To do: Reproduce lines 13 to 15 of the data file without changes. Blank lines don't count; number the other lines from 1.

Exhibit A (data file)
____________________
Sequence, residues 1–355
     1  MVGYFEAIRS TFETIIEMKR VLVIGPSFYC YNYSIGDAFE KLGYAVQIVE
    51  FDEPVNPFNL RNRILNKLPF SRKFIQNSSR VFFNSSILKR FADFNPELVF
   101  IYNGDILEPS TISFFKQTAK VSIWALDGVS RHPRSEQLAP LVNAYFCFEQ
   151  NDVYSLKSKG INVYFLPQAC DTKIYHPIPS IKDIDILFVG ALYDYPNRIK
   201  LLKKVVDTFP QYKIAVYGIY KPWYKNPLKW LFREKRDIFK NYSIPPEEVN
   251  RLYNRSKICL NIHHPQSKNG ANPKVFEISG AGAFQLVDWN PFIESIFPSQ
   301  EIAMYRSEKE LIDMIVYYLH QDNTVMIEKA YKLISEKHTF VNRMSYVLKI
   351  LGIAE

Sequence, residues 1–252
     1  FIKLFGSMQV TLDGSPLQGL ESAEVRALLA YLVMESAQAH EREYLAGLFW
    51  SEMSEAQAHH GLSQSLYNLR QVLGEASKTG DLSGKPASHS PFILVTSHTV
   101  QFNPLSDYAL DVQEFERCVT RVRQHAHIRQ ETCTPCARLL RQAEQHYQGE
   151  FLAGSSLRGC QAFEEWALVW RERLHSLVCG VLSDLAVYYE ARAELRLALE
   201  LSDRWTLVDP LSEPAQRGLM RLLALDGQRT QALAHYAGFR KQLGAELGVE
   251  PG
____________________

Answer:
   101  QFNPLSDYAL DVQEFERCVT RVRQHAHIRQ ETCTPCARLL RQAEQHYQGE
   151  FLAGSSLRGC QAFEEWALVW RERLHSLVCG VLSDLAVYYE ARAELRLALE
   201  LSDRWTLVDP LSEPAQRGLM RLLALDGQRT QALAHYAGFR KQLGAELGVE